I don’t mean we have to talk about these things, like a project. I mean that it’s good to make them really and truly welcome because when they’re not, and because they’re real  for all of us already, we’ll live a guarded life, afraid of them erupting. We’ll be their jailers even as we put on brave faces.

We don’t know how to do this yet. Thank goodness. Because when we think we know how to do it, it probably means we’ll do what we’ve always done to keep the important stuff safely away.  We’ll try and manage the divine process.

The good news is, there is a “we,” brothers and sisters that want to do this. There’s also an unnameable evolutionary process at work that many in the “we” have felt. I put my trust in that as quickly as I can. I’ve tried running the universe but, as I’m sure you know if you’ve tried, it was no fun and it didn’t work at all.

More to come on this. Sign up above so you’re sure to get it. And note, a Small-group Intensive starting mid-October or early November. You can register now.

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When consciousness groups play nice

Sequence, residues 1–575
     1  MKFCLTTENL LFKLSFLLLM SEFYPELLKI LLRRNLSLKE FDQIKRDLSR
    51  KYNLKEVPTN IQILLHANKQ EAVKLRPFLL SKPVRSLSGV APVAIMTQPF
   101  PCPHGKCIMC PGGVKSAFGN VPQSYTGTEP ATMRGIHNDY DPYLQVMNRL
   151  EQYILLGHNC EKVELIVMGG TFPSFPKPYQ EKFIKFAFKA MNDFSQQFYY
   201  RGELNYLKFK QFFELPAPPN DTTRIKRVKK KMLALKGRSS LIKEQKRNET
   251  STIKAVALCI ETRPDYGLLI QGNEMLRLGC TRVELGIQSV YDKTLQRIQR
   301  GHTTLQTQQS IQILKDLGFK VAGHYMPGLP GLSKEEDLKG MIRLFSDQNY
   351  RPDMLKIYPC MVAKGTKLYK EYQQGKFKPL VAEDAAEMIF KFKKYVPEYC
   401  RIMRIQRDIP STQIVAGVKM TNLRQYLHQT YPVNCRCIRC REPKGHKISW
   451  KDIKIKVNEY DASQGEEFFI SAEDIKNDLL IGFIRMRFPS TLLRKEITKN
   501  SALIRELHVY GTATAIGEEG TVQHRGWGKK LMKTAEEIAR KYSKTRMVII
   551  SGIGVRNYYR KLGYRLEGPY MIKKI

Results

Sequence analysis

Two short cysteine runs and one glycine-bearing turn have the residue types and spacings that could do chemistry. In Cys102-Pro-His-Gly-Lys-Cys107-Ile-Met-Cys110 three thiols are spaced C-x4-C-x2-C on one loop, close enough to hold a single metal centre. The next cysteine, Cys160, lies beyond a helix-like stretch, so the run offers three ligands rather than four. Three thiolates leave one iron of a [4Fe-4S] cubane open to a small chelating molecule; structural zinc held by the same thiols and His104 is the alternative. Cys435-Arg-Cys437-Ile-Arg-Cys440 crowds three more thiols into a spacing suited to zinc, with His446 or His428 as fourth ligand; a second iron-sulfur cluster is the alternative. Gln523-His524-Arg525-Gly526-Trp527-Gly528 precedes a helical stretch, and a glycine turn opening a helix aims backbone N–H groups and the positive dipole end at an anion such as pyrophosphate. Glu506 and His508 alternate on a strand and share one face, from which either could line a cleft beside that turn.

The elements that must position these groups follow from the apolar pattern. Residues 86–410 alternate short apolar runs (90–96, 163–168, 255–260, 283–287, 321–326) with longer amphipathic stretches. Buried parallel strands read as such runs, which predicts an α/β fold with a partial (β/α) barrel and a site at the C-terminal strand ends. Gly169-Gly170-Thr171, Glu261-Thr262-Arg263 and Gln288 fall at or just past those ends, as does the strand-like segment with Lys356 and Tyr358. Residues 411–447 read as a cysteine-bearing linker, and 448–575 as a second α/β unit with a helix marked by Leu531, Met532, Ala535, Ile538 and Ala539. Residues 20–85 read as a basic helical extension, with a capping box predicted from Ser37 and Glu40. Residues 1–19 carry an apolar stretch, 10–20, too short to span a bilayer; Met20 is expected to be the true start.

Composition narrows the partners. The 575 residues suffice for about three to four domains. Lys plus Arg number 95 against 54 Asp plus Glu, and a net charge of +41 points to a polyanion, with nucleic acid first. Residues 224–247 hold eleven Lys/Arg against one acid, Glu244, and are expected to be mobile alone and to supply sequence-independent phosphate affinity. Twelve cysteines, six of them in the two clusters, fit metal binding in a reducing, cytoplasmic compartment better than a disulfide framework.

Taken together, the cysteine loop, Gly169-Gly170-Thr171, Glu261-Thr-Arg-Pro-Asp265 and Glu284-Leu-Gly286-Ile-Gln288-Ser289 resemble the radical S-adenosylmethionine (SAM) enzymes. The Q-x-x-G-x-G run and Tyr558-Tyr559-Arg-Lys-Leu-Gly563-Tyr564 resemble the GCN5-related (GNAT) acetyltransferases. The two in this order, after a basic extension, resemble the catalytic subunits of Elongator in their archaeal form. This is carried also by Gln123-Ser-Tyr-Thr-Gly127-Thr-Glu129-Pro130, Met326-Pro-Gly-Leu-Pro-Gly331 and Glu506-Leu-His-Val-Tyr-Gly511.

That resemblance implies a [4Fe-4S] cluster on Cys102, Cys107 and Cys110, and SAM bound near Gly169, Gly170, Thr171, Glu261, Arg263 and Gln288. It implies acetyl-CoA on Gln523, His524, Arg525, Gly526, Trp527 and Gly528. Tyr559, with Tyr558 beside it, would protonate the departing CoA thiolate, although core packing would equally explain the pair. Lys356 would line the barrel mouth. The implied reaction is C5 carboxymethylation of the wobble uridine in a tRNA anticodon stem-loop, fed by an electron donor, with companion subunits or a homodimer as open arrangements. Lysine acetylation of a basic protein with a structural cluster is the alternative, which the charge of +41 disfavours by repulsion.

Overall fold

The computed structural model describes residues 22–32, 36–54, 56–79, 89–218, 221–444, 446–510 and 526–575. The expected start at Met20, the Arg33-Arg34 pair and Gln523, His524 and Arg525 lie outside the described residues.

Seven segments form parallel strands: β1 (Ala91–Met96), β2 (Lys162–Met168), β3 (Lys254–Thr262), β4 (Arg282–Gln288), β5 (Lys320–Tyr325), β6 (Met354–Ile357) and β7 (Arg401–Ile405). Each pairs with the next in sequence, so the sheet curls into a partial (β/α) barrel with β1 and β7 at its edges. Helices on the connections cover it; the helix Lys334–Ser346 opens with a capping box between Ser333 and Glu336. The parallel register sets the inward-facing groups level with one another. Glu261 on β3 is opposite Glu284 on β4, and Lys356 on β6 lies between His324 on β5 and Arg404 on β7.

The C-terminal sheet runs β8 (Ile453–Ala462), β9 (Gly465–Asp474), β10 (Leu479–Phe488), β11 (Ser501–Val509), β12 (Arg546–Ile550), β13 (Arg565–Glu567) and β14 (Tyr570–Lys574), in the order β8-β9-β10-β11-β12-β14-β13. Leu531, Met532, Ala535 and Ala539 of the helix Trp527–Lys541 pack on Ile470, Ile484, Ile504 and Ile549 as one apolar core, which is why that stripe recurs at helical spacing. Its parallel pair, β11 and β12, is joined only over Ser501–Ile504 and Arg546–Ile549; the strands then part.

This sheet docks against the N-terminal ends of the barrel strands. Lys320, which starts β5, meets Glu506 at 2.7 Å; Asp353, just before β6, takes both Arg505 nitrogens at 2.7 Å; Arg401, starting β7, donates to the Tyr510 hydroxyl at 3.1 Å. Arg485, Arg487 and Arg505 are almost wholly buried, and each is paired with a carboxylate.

When consciousness groups play nice

When we’re in “consciousness groups,” do we tend to downplay our own agency, our “mission” so we can get along? Do we forget about our purpose or forget that we even have one? Do we unconsciously play it safe so we can be “liked” and not ruffle too many feathers?

More generally, does the consciousness community as a whole tend to do this playing nice?

I’ll raise my hand. I do it! And it’s not because I’m Canadian.

These two are ever-present and in dynamic tension. But at this time they’re out of balance. This is also the tension between feminine and masculine. I’ll leave that out for this week because it deserves its very own post. Or posts.

Here let’s think of it as the tension between co-regulation and individuation.